Occupational licensing doesn’t help the best rise to the top—quite the opposite. (The perfumed parasites of subsidised classrooms are proof enough of that.) Instead it simply makes every licensed member of these professions virtually equal to every other, with the “most equal” (the best at ticking boxes) being given positions of authority to dictate standards and procedures to their betters—allowing the box-tickers to mooch off the do-ers, and (on occasions) to loot their would-be customers.

Understand that licensing and form-filling offers no guarantee at all of quality—none whatsoever. All it can ever be is the proxy for quality that makes these things good enough for government work.

In fact, what occupational licensing will do is to push up costs (someone has to pay for all the box ticking); put the grey ones even further into every business in the land (which will drive costs further up and good people further away); and restrict entry to new competitors (which will reduce entrepreneurialism, reduce quality, and—you guessed it—drive up costs even further for would-be customers).

So that’s a win all round, really. Not.

The most egregious of all these iniquities is really the last: the cozy system of “closed professions” that protects inertia and incompetents, and helps keeps out those who might challenge this in any way.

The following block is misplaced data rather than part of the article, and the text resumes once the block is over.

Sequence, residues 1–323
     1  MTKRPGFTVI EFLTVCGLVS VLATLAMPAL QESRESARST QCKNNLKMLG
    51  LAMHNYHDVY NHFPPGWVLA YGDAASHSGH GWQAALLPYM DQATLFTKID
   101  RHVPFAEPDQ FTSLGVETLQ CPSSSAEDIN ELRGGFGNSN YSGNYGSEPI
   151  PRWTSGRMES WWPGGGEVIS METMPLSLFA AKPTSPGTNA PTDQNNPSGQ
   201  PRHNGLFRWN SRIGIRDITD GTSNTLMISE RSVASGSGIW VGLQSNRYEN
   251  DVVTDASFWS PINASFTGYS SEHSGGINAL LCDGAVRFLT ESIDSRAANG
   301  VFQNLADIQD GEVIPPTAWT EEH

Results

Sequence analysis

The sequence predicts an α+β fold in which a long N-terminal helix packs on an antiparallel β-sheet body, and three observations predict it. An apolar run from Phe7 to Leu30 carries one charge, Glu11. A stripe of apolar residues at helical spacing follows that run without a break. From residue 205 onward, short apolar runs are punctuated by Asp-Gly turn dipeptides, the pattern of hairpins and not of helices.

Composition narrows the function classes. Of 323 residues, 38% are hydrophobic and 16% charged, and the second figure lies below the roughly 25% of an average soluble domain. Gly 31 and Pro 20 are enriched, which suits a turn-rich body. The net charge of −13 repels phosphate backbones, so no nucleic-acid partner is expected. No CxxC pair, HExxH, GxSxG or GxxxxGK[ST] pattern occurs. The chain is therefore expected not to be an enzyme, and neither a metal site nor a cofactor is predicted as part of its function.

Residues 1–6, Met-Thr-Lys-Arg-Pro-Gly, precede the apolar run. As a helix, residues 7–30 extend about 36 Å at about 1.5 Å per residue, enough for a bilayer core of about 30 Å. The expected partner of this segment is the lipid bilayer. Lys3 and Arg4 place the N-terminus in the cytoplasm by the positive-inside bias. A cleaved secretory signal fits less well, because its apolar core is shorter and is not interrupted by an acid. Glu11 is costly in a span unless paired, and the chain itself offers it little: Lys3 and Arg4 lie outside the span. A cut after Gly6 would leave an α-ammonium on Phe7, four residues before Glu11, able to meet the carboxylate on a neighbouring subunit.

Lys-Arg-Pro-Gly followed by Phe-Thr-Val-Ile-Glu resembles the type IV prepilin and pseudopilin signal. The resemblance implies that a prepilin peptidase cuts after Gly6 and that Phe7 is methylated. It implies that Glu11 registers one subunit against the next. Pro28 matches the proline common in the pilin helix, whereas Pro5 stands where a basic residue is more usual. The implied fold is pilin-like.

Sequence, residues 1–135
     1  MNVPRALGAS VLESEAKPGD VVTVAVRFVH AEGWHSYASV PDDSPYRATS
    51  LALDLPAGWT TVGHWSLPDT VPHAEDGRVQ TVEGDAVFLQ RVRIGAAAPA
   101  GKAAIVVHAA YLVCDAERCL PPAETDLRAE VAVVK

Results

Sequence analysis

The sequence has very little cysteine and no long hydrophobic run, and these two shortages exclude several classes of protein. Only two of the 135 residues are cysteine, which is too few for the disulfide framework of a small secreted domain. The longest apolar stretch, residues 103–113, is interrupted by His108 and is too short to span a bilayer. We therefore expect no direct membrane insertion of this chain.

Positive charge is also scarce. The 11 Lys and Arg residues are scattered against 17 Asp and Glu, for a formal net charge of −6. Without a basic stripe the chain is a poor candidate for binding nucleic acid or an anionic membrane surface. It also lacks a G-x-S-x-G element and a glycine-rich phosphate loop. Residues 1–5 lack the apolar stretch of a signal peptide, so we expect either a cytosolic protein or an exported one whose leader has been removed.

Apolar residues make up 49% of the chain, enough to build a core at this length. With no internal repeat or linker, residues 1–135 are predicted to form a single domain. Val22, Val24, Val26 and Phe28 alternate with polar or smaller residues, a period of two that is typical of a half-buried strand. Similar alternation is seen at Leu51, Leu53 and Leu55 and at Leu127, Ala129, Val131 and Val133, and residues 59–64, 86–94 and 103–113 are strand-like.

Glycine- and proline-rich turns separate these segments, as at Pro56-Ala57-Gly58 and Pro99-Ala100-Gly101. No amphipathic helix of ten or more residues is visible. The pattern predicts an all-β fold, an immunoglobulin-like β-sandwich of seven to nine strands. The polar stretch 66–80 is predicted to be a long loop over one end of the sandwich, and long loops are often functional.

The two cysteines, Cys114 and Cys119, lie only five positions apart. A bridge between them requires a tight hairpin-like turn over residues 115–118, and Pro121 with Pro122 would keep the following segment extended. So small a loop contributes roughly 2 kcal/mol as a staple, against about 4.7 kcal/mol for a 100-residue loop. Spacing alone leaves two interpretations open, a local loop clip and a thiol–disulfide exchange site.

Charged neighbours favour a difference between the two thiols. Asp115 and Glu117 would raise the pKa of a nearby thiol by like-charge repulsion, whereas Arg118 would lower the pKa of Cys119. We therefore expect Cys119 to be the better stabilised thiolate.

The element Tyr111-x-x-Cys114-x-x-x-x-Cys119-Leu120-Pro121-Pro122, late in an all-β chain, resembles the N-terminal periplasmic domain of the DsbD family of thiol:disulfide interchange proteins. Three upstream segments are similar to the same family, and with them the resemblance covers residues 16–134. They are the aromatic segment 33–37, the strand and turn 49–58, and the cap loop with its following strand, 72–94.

Want to know what it will do to the fees these professionals will charge? Well, just look at the cozy system of the legal “profession,” which couldn’t be more closed, and think just how much your lawyer charges for just sending one letter.

There’s a reason the tallest buildings in town have lawyers’ names on them. It’s one reason they like barriers to entry like this.

Many years ago, a young Norman Kirk famously built his own house (and here I quote from an unlikely source) “with his own sweat and toil, including making his own blocks, a feat now outlawed by the … complex licensed building practitioner regime, which would have required Norm to have a licence for concrete work, a licence for blocklaying, a licence for roofing, a licence for carpentry, and a licence for external plastering… for which he would not have had a hope of paying the cost of a bureaucratic supervisor for its construction.”

The irony here is that the entity whom I quote above was pointing this out only four years ago. Yet now he is part of the government imposing all this upon professionals and their would-be customers.

No wonder so many are already resident in Queensland, with more to join then soon.

Galt help us all.

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Which posts were read most in 2010?

DOWN TO THE DOCTOR'S: Debts, deficits, and self-defence

_richardmcgrath Libz leader Richard McGrath ransacks the newspapers again for headlines and stories on issues affecting our freedom.

  • NZ HERALD: “Govt faces 12.6b debt hole - "Ballooning cash deficits grow faster than the government's borrowing programme…"

    THE DOCTOR SAYS: There is a major assumption one must make in order to accept what this article suggests, i.e., that the government should be allowed to borrow unlimited quantities of money to spend on whatever it wants, with the responsibility for paying this debt falling squarely into the lap of future taxpayers, some of whom are currently children or even unborn as yet.
              Bill English readily concedes that part of this deficit blowout is attributable to his government, in its wisdom, deciding to shift responsibility for the leaky homes fiasco from builders, architects, materials manufacturers, local councils and BRANZ onto taxpayers—who  had nothing to do with the construction of these houses.